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    I'm choosing my A levels and to balance my other subjects I'm thinking of taking a science. I'm good at science so that's not a problem, I just want to take arts subjects more. So I was wondering, which subject (Biology or Chemistry) has more general application? As far as I can see any degree that asks for Biology also asks for Chemistry and as I'm not taking two sciences it doesn't seem to make much sense taking it on its own.

    So thoughts? Which is better on its own, Biology or Chemistry?
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    I take both, and I would say biology, especially if you're not taking maths.

    What other subjects are you planning on taking?
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    Chemistry is more respected and fun
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    biology goes well with PE, psychology, geography where as with chem its more like maths and physics etc. (I take both.)
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    id assume chemistry it..... its needed 4 everything nowadays
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    Chemistry.
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    Chemistry :yep:
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    If you're applying to an Arts degree I would recommend Biology, its just as respected as Chemistry and really improves your critical thinking ability and memory.

    If you're applying to Healthcare professions (e.g Medicine, Pharmacy e.t.c) then Chemistry is REQUIRED, Biology is just "desirable", but not necessary since they will teach you the Biology anyway but will not teach you the Chemistry expecting you to know it.
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    If you're more maths inclined then Chemistry.
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    It depends, which subject do you enjoy/find more interesting/are you better at? I'd say if you're going to study arts/humanities, then choose Biology, but if you're capable and are more mathematically inclined, then choose Chemistry. Or why not both? .
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    (Original post by 94_confessions)
    Or why not both? .
    I would do both, you really think they’ll turn somebody with AS in biology and chemistry down on a soft course?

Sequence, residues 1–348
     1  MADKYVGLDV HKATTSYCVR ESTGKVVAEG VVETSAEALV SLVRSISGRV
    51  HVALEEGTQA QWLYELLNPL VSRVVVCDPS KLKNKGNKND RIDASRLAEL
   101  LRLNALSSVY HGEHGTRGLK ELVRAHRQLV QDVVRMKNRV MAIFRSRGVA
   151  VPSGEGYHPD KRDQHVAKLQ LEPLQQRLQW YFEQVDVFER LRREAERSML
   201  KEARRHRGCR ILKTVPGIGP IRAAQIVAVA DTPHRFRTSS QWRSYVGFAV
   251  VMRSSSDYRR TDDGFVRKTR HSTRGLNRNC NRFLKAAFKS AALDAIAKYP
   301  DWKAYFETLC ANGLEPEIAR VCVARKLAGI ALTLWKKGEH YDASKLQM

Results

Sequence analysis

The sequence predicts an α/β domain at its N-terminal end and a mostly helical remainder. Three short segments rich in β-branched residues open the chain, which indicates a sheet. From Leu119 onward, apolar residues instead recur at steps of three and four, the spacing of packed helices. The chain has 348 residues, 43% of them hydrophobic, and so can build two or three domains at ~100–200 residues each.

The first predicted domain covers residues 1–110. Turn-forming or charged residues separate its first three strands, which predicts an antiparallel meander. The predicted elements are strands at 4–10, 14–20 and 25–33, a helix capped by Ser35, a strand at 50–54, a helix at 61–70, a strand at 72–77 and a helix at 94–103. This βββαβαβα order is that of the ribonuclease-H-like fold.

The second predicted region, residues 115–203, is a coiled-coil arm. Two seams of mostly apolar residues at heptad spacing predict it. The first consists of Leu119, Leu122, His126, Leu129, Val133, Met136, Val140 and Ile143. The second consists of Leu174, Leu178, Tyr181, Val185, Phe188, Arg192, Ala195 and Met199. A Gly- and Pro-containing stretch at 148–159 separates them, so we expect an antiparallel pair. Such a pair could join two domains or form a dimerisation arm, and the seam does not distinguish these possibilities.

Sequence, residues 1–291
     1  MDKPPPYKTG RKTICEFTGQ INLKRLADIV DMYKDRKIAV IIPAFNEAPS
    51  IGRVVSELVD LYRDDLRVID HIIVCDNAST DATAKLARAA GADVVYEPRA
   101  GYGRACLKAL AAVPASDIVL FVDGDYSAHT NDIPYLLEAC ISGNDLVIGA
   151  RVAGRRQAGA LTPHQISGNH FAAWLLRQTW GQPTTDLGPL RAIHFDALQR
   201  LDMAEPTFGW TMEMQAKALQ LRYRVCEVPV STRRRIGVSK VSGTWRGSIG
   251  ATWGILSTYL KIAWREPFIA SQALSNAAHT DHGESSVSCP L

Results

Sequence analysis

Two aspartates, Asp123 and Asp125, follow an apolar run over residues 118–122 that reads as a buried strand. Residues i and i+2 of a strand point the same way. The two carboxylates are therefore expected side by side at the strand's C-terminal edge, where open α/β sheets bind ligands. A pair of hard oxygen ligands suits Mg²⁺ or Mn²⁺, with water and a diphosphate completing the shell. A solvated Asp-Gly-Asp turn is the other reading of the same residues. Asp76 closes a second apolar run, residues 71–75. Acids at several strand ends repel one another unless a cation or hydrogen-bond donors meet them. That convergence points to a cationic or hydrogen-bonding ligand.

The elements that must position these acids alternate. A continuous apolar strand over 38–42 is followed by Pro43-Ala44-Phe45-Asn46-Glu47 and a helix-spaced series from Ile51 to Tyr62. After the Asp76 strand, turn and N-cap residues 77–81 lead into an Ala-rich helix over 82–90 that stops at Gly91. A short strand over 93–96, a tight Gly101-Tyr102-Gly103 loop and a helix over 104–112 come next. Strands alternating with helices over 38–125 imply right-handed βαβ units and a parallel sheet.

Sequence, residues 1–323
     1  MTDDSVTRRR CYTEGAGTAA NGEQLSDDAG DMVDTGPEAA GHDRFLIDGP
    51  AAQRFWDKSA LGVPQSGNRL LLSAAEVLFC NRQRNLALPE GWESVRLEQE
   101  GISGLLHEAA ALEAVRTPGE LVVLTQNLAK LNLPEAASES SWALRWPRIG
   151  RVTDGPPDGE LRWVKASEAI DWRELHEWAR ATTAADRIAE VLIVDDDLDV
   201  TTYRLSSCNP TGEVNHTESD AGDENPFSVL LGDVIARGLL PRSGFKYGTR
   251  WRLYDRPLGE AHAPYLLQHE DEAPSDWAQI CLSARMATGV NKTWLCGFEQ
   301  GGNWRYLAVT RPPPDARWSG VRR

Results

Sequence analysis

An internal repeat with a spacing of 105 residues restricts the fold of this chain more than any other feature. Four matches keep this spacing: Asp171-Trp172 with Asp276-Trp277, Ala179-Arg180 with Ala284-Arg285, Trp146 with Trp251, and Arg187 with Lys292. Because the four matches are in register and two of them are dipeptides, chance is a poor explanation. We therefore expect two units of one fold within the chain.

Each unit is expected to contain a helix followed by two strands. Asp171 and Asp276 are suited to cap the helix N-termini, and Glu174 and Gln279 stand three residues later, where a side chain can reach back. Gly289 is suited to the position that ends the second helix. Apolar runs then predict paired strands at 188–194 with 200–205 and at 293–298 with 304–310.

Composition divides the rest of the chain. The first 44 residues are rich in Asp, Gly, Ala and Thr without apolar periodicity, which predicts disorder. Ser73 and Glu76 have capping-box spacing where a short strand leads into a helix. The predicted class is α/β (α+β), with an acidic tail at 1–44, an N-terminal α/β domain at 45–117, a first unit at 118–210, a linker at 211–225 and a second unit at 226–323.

At a push I’d say chemistry since biology is really specific and simplified chemistry (and of course chemistry is really physics etc.)
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    I'd say Chemistry, as it keeps more doors open as more courses require it than biology. However, it's generally thought to be harder and there are some pretty tough concepts. If you don't think you'd ever want to go down the science route, and your other subjects wouldn't allow that anyway, choose the one you think you'll enjoy. Alot of people I've spoken to feel that Biology is more fun. However, bear in mind that it's uses are more limited.
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    (Original post by Hippopothomas)
    I would do both, you really think they’ll turn somebody with AS in biology and chemistry down on a soft course?

    At a push I’d say chemistry since biology is really specific and simplified chemistry (and of course chemistry is really physics etc.)
    Well what course are you applying for? . I think they'll appreciate any science you do, to be honest, because no matter which one you do, it shows that you're a well-rounded person, academically. And I think both Biology and Chemistry are very specific in their own ways, if you enjoy more analytical and mathematical learning then I'd go for Chemistry, and if not, then Biology. They're both very interesting subjects .
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    Chemistry is more general (incorporating maths and the other two sciences), so would be more useful to you if you could do well.

    Chemistry relies on being able to understand theory and is generally more difficult than Biology.
    Biology requires a wider range of information, but has less theory and different knowledge application so is generally easier.
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    Thanks for the help. I'm interested though about saying about the maths in Chemistry, I asked about this in another thread and they said it was nothing above GCSE level. Is that correct?
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    (Original post by Lone Commissar)
    Thanks for the help. I'm interested though about saying about the maths in Chemistry, I asked about this in another thread and they said it was nothing above GCSE level. Is that correct?
    Kind of, it's GCSE standard in regards to addition, subtraction and rearranging equations etc. but in some topics (i.e. weak acids and bases) you'll need to understand how logs work. It's pretty simple once you get the hang of it, and even a non-mathematician can understand .
 
 
 
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